Find more places to explore in this list of 9 Small Towns Dripping with Charm.
Spring is the perfect time to head to Georgia's lakes.
A short drive from Atlanta, Lake Oconee has the stunning The Ritz-Carlton Reynolds, Lake Oconee, which can be your base for visiting nearby towns. Nearby Greensboro has its own brewery (Oconee Brewing Company) as well as the famous buttermilk pies at The Yesterday Cafe. Eatonton has the Rock Eagle Effigy and Trails and the Georgia Writers Museum.
Stay in Gainesville to explore Lake Lanier, and make time to chill at Margaritaville at Lanier Islands.
Read more about Georgia's Best Lake Vacations.
Theme parks for big "kids"
Roller coasters and thrill rides don't have to be for kids. Adults can also enjoy the theme parks located around the state, and they don't have to worry about being tall enough.
Six Flags Over Georgia in northwestern Atlanta has some of the region's best roller coasters, including Superman and Goliath.
Wild Adventures Theme Park in Valdosta has the Boomerang and Twisted Typhoon coasters that will excite.
Don't forget about the mountain towns!
For a totally unique retreat, spend your time at North Georgia Glamping in Ellijay, which is part alpaca farm and part glamping resort with vintage Airstream trailers and a geodesic dome. Local outfitters can get you set up for whitewater rafting and kayaking.
Blue Ridge is another favorite, offering activities like zip lining as well as things only adults can do. Leave the kids at home as you visit breweries like Fannin Brewing Company, or crush a car at nearby Tank Town USA.
Young Harris is home to its namesake college as well as a number of wineries and Brasstown Valley Resort & Spa.
Find more ideas in this list of 8 North Georgia Towns You Need to Visit.
Spring adventures around Atlanta don't have to be all adventure. Staying within one of the cities and larger towns is also a fun getaway. In Atlanta, use your spring break as an opportunity to stay in a neighborhood like a local. Hotel Clermont is great for wandering around Poncey-Highland and nearby Little Five Points. Decatur is another neighborhood perfect for in-town trips.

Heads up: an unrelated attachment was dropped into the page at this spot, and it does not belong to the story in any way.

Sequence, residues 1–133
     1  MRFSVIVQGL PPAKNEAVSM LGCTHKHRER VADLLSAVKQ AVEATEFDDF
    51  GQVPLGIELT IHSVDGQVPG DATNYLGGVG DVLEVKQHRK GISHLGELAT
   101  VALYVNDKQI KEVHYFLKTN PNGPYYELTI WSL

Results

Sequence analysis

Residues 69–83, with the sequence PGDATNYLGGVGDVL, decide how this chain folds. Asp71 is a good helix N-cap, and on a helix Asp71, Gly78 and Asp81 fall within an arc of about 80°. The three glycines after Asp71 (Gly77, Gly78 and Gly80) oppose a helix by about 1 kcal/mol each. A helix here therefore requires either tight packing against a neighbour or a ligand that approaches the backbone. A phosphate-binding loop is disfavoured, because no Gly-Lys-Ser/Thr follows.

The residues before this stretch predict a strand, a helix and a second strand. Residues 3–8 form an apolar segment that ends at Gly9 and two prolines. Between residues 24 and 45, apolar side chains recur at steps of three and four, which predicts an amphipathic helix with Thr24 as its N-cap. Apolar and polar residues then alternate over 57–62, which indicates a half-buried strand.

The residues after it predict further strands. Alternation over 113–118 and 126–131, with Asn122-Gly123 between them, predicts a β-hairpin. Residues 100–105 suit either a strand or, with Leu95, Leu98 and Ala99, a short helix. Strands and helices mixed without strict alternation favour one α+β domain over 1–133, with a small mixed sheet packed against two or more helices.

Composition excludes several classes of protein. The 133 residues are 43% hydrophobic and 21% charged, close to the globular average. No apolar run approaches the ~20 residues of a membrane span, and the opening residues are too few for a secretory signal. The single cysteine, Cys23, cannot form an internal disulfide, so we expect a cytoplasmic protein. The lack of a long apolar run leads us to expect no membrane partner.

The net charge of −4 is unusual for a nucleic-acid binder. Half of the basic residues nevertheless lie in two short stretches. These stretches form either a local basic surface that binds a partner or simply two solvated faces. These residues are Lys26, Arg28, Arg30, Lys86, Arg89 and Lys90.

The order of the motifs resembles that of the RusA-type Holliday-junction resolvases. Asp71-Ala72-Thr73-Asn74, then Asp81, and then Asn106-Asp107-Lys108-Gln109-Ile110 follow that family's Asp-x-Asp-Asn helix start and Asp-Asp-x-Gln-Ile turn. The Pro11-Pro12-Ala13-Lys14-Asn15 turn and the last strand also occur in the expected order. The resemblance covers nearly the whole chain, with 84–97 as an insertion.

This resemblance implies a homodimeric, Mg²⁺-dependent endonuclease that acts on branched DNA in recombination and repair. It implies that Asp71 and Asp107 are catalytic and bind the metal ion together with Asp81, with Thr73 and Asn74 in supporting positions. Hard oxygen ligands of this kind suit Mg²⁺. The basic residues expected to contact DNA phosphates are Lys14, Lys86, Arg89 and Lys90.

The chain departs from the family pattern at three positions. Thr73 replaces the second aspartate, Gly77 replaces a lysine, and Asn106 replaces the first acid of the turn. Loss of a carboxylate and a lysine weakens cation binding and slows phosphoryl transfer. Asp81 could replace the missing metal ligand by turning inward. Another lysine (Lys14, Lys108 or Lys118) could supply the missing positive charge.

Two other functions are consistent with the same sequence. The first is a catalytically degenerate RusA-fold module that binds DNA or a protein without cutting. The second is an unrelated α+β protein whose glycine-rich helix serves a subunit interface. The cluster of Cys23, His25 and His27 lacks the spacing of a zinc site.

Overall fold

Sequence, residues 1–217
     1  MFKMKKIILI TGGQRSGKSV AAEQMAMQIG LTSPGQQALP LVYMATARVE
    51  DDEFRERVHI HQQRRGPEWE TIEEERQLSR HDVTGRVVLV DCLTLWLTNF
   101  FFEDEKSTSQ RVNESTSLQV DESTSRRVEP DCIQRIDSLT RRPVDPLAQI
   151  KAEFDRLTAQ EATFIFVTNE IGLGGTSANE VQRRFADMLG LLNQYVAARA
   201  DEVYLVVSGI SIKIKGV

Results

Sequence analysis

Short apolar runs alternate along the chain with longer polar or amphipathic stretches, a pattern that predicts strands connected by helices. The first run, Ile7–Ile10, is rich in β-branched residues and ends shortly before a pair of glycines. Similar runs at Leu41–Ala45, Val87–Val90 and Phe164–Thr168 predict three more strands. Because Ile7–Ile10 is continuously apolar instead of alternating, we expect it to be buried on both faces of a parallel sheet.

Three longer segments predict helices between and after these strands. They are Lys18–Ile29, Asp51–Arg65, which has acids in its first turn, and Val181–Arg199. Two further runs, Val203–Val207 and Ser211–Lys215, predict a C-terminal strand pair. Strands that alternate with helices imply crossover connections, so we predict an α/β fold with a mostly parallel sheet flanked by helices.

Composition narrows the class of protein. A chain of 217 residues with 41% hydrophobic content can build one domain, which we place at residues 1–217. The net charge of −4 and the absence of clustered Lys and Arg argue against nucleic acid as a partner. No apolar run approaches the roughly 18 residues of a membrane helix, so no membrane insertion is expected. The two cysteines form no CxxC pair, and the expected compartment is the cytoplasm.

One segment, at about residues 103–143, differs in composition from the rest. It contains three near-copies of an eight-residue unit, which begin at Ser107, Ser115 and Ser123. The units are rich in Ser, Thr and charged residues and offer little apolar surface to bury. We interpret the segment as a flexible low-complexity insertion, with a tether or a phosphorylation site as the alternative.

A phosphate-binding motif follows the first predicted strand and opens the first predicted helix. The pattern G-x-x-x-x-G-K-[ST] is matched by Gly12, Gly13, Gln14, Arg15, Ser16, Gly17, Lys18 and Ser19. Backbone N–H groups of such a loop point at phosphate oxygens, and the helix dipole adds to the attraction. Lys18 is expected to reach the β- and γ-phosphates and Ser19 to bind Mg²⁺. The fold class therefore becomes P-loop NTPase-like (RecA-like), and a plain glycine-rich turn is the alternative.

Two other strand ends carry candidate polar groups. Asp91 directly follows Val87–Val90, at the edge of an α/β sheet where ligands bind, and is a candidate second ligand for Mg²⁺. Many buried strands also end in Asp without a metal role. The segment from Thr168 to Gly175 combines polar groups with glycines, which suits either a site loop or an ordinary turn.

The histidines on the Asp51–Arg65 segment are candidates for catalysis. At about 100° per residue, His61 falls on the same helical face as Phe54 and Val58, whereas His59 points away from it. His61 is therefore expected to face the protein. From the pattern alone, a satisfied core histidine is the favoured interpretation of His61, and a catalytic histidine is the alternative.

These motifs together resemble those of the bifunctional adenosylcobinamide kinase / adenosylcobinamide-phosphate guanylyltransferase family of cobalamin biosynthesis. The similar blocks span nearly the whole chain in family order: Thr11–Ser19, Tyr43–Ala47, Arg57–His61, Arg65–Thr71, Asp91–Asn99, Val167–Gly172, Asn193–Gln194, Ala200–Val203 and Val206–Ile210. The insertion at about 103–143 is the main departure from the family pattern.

In Columbus, visit the National Infantry Museum and Soldier Center, and go on an adventurous rafting trip down the Chattahoochee River. Once you've dried off, grab a beer and a bite to eat at Banks Food Hall or hearty Southern fare at 11th and Bay.
Augusta is one of the state's underrated cities. Learn about local legends Bobby Jones and James Brown at the Augusta Museum of History and, if weather allows, take a trip with Augusta Canal Petersburg Boat Tours. Explore 18 square miles of Georgia's most serene water trails and uncommon wildlife by paddling Clarks Hill Lake, the Savannah River and the Augusta Canal on the Serene18 Paddle Trail. Dine out at restaurants like Bodega Ultima or Edgar's Above Broad.
Beaches are great, but beaches without crowds are even better. Thanks to Georgia's 100-plus miles of coastline and more than 14 barrier islands, there are plenty of opportunities to escape to the coast.
Little St. Simons Island is an all-inclusive eco-resort accessible only by boat. Spend the entire day at the deserted beach or go on one of the naturalist-led excursions.
On St. Simons Island, retreat to the adults-only Hotel Simone that's perfect for a romantic getaway or kid-free girls’ trip. Lounge at the rooftop pool, cruise the beach on complimentary bicycles, and take advantage of amenities at neighboring King and Prince Beach & Golf Resort.
Cumberland Island National Seashore is home to incredible pristine beaches and the Dungeness Ruins. You can camp in the campground or stay at the prestigious Greyfield Inn.
Sapelo Island is another nationally protected island with unique coastal wildlife and campground accommodations. While you’re there, be sure to tour the Reynolds Mansion on Sapelo Island, another Gilded Age getaway.
Find more places to explore in Coastal Georgia.